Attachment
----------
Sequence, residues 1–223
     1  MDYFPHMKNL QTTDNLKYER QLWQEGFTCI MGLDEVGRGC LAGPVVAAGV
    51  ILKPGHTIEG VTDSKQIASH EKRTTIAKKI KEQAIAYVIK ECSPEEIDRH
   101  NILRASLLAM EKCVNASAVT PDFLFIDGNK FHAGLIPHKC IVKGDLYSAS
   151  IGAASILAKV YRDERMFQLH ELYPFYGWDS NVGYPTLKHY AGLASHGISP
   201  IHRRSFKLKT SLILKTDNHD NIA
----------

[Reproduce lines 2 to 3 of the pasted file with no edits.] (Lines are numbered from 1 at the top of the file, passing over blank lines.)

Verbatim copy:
     1  MDYFPHMKNL QTTDNLKYER QLWQEGFTCI MGLDEVGRGC LAGPVVAAGV
    51  ILKPGHTIEG VTDSKQIASH EKRTTIAKKI KEQAIAYVIK ECSPEEIDRH